by Mitch Kokai
Senior Political Analyst, John Locke Foundation
Jonah Goldberg explains in his latest column posted at National Review Online why former Maryland Gov. Martin O’Malley, one of the few Democrats who seem interested in challenging Hillary Clinton for the party’s 2016 presidential nomination, is not off to a great start.
Former Maryland governor Martin O’Malley is thinking about running for president on the Democratic ticket by appealing to Massachusetts senator Elizabeth Warren’s populist fans. Warren is a very bright former Harvard law professor. So it is interesting that O’Malley thinks the best way to reach out to her fans is to say remarkably stupid things.
Steve Inskeep, host of NPR’s Morning Edition, recently interviewed O’Malley, asking him to respond to something GOP-presidential-contender Senator Marco Rubio had said.
Inskeep: “[Rubio] argues that an active government actually keeps people frozen at their economic status because if you are well off, if you can afford a lawyer, if you can deal with regulations, you can maneuver through government and stay prosperous. And if you are not so well off, it’s harder to work the system. Is there some truth to that? You were a big-city mayor; you know how government works.”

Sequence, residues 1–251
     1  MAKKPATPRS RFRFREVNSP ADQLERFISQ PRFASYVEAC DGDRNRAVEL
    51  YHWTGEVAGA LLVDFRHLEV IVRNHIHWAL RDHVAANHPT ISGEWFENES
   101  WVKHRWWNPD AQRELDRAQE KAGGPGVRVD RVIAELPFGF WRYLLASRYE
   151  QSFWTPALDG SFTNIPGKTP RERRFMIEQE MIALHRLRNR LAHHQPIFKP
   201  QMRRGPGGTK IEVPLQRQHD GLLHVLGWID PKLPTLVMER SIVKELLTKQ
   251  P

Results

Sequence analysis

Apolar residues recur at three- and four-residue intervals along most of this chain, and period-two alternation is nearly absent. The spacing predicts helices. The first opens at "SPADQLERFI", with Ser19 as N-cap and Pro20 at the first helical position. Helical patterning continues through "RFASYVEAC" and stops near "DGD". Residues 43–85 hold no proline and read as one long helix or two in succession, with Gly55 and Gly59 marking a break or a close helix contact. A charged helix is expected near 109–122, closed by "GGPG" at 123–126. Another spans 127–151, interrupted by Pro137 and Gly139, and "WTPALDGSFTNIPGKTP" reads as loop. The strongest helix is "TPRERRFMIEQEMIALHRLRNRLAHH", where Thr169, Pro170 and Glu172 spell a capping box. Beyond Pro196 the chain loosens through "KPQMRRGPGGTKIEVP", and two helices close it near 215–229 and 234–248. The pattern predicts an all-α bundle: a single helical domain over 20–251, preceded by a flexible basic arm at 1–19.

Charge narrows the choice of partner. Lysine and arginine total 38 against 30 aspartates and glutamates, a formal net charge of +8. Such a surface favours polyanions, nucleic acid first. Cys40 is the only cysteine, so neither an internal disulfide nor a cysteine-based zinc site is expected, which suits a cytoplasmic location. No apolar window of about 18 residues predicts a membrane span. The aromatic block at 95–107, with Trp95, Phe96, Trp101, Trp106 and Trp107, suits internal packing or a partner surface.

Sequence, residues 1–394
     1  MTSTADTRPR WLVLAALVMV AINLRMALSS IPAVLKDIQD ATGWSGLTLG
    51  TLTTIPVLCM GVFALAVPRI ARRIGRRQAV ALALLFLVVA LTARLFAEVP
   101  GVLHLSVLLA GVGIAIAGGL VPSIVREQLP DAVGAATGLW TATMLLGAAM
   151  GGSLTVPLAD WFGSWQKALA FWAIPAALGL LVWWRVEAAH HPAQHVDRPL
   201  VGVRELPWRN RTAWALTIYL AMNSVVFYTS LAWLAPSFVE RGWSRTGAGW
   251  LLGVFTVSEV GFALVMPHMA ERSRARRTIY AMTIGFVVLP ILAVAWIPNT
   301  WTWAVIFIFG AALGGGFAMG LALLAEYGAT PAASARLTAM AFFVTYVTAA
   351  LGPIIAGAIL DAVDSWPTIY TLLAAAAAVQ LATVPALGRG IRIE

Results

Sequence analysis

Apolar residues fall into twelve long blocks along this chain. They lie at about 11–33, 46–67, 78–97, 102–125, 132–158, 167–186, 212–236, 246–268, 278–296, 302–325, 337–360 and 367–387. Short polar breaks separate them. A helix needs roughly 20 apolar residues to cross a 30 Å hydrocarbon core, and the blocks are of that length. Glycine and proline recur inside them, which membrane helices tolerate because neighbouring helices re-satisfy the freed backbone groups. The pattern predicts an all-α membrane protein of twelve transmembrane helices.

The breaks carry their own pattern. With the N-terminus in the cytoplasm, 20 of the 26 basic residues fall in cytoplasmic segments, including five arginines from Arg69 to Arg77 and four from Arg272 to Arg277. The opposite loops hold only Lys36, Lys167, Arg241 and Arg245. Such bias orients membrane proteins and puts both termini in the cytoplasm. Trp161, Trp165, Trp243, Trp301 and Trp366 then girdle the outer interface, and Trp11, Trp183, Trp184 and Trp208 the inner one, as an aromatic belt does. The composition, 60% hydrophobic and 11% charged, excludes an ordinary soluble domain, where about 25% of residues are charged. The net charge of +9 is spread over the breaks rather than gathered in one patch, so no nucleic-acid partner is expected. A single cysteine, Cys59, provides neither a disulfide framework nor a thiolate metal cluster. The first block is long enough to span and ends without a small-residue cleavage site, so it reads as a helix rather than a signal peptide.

O’Malley replied: “No, I don’t think there’s any truth to that.”
He did unload some talking points about how the tax code is “Swiss cheese” because of deregulation and Wall Street lobbyists. But as for the idea that regulations can hold poor people down or keep the middle class from advancing, he said that’s plain wrong, adding a familiar bovine-scatological colloquialism for emphasis.
A reasonable or informed person — on the left or the right — could argue that many regulations are good or valuable. But O’Malley’s position is not that of a reasonable or informed person, it is modern-day know-nothingism.